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Lagoon Creek Railway Water Supply Facility and Pump Station

  • 602236
  • cnr Buckle Street, Caboolture

General

Classification
State Heritage
Register status
Entered
Date entered
24 January 2003
Type
Utilities—water supply: Pumping station
Theme
5.3 Moving goods, people and information: Using rail
Construction period
1913–1947, Lagoon Creek Railway Water Supply Facility and Pump Station (1913 - 1947)
Historical period
1900–1914 Early 20th century

Location

Address
cnr Buckle Street, Caboolture
LGA
Moreton Bay Regional Council
Coordinates
-27.07145049, 152.95353198

Map

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Significance

Criterion AThe place is important in demonstrating the evolution or pattern of Queensland’s history.

The presence of a pumping station at Lagoon Creek demonstrates the role played by the construction and operation of the North Coast railway line and its branches in the development of Caboolture. A reliable source of clean water was essential to supply locomotives in the days of steam power. That Lagoon Creek offered this was a major factor in the choice of Caboolture as a railway centre and of its continued importance in this role.

Criterion BThe place demonstrates rare, uncommon or endangered aspects of Queensland’s cultural heritage.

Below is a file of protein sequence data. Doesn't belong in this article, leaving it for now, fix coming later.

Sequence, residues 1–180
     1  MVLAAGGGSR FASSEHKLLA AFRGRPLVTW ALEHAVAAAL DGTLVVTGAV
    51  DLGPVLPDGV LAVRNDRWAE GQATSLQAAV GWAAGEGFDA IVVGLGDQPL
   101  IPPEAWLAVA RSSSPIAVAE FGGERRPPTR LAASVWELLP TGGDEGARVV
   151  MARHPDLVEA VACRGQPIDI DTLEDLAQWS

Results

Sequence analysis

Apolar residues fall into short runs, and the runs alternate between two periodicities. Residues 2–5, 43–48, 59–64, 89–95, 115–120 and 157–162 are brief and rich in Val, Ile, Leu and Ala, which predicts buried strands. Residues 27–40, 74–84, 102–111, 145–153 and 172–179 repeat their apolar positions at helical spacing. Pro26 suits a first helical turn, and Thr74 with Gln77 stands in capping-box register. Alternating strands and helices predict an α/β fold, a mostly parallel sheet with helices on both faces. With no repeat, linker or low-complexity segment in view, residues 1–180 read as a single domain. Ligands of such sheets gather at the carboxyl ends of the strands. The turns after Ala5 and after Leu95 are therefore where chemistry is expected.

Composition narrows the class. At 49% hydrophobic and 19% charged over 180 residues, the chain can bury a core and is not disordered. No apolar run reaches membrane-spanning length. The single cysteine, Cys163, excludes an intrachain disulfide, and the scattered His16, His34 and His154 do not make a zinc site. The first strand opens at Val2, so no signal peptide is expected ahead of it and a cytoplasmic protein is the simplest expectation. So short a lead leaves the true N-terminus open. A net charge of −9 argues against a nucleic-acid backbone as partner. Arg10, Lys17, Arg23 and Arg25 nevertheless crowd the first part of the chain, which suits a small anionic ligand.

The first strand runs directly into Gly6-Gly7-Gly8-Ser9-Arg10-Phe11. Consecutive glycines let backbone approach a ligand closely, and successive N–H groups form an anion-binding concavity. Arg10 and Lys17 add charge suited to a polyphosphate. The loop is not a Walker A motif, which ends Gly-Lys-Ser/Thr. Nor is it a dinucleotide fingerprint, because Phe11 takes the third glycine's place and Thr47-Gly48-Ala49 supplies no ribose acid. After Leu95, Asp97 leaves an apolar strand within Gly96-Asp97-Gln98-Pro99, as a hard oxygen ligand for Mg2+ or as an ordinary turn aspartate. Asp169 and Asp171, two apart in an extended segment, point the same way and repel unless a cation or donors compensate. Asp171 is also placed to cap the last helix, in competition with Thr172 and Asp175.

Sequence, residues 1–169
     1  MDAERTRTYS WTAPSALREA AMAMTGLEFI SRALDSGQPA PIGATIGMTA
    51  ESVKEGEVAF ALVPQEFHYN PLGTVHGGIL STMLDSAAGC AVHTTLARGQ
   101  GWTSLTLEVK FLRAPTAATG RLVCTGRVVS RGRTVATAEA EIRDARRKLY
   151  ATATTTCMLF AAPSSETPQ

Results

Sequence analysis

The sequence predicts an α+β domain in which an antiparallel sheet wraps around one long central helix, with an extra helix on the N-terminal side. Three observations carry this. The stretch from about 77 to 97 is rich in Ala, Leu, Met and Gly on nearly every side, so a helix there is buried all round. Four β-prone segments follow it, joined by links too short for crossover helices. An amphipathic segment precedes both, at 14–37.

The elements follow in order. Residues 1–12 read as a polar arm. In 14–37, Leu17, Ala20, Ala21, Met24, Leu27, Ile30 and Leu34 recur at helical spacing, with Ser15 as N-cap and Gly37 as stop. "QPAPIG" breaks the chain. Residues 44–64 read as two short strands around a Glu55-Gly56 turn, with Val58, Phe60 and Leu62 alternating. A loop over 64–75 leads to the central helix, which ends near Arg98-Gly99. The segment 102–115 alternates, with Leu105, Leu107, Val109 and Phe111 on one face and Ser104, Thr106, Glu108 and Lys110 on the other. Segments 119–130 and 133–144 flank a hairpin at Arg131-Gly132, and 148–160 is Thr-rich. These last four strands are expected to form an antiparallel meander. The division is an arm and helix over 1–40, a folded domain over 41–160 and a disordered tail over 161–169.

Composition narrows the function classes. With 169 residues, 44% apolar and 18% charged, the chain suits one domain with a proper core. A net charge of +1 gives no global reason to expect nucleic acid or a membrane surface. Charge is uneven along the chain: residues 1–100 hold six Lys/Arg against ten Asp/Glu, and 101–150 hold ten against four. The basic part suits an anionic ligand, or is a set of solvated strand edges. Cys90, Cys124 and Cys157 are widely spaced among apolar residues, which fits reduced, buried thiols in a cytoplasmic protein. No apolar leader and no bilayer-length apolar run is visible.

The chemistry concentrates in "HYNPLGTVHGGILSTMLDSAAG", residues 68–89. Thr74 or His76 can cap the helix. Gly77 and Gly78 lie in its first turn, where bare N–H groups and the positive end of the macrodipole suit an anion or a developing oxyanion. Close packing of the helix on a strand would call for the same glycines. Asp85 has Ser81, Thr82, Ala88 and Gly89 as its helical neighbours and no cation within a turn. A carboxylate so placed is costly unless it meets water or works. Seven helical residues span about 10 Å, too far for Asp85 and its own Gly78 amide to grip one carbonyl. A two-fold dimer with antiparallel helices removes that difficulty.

The weir and pumping station remains at Lagoon Creek are a rare surviving components of a water supply facility developed by Queensland Rail for the use of steam locomotives. A reliable water supply was ensured by the provision of tanks along the line using natural water sources where suitable water was available. The pumping station is evidence of the use of steam power, an early and important technology, in the development of Queensland's railway system.

History

The former railway water supply pumping station was built in 1913 on a waterhole on Lagoon Creek at Caboolture. It was the third pump site drawing water from this source to supply tanks at the Caboolture railway station replenishing the stock of steam locomotives. The facility was developed in stages from the opening of the line until 1947 and its use was discontinued in 1968 when the use of steam locomotives on the line ceased.